|The 'toon is from my Facebook page.|
The submissions ranged from fiction to non-fiction and adult to YA, but the rejected pages seemed to have similar problems. The judges identified four blatant writing miscues that caused them to stop reading:
1. The story’s opening paragraphs failed to establish where the story was taking place, the time, and the setting.
2. The beginning was too slow. Too many details, too much description, too much backstory, or too many characters—and all of that on the first page—caused the judges to lose interest. The opening paragraphs also lacked action or a hook to entice the readers to continue to read.
3. The writer didn’t establish a clear point of view. She/he headhopped or mixed first or third person with omniscient points of view.
4. Mechanical errors earned a speedy rejection. What are mechanical errors? They are the typos, punctuation errors (a lot of them involving dialogue), and unclear syntax that can destroy a good story.
What agents or publishers see in the first few paragraphs of a manuscript is what they expect to see throughout each scene and chapter. That makes for an acceptance or early rejection.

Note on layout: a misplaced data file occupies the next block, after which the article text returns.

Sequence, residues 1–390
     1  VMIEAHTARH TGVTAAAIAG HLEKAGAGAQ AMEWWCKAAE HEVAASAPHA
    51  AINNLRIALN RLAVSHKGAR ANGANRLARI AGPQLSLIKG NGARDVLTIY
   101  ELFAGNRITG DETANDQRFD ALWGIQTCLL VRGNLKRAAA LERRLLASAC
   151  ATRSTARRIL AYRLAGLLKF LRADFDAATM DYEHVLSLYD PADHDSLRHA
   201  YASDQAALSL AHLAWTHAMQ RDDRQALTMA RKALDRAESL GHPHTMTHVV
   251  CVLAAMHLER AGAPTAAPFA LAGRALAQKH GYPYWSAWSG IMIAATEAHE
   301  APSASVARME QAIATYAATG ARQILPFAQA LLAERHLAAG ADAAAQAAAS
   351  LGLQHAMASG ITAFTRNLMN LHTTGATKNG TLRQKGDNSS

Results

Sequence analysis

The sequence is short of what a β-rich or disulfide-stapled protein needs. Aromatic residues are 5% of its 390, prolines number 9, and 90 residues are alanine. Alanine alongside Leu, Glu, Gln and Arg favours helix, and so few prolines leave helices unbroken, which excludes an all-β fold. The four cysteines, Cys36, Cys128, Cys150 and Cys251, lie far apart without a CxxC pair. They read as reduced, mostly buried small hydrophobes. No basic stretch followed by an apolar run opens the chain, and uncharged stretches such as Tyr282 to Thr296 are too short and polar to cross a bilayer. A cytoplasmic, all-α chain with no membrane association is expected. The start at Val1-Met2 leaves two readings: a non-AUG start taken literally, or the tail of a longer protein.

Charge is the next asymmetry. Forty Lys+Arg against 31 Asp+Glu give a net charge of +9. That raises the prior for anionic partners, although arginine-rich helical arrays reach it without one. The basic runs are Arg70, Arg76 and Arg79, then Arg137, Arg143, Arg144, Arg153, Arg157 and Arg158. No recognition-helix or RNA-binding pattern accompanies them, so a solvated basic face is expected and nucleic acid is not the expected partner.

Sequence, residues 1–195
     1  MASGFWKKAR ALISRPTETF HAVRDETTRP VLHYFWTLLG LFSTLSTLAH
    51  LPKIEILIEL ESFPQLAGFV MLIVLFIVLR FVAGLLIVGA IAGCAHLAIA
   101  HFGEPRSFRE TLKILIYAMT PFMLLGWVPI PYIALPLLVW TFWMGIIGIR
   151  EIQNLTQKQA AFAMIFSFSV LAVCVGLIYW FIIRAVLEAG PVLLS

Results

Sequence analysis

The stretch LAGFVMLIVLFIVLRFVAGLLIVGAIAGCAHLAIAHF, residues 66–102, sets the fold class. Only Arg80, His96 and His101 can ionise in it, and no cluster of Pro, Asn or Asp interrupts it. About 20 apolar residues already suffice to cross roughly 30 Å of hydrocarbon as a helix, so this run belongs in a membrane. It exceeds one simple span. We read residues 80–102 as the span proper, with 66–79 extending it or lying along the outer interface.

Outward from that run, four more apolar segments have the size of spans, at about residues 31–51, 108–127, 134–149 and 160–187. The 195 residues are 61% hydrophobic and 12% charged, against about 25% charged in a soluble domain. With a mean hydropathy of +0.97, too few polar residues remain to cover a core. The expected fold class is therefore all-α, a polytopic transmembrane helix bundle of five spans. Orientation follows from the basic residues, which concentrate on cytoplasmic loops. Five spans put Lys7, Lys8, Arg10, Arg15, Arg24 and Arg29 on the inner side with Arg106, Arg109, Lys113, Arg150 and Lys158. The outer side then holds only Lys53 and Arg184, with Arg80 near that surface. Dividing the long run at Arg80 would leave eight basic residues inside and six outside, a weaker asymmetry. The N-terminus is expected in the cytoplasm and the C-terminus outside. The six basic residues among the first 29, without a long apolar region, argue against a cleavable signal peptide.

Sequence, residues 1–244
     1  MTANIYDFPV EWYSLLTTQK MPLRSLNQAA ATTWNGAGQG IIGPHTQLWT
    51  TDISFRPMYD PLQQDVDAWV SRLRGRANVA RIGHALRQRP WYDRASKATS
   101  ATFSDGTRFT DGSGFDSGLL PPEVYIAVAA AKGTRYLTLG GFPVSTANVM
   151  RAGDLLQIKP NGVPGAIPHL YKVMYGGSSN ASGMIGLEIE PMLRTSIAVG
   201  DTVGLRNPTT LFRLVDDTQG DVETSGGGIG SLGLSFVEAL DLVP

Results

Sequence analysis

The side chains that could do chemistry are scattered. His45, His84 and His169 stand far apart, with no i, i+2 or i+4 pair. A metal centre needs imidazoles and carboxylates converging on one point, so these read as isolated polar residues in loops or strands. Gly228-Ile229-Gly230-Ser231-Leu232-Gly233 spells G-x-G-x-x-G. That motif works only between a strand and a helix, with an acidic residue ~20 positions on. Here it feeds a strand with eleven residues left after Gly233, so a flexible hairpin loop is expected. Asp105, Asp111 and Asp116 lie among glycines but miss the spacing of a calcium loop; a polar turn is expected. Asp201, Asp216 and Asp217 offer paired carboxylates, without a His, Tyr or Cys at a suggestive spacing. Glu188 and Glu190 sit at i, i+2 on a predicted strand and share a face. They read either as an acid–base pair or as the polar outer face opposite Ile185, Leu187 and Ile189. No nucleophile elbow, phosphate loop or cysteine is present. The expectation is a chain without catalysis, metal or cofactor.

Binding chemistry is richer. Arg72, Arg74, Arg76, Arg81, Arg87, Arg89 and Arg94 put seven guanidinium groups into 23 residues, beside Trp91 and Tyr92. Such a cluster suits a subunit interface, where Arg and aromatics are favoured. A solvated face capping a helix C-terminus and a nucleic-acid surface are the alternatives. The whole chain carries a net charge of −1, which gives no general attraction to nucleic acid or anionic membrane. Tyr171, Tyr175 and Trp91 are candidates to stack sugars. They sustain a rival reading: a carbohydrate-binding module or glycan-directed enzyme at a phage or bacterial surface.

If you re-read the paragraphs of your manuscript, would you see any of these miscues?
Lyrical Pens would love to hear how you construct a first page. Do you re-write yours? I usually re-write mine many times as I work through a manuscript.
|Love this Chicken 'Toon from Facebook|
Okay, you-all guys keep on keeping on, and I’ll try
to do the same.
DEADLY STAR (Publisher: Crimson Romance)
PS: I intend to use the list to analyze a short story
I’ve just started, to make sure I stay on target.
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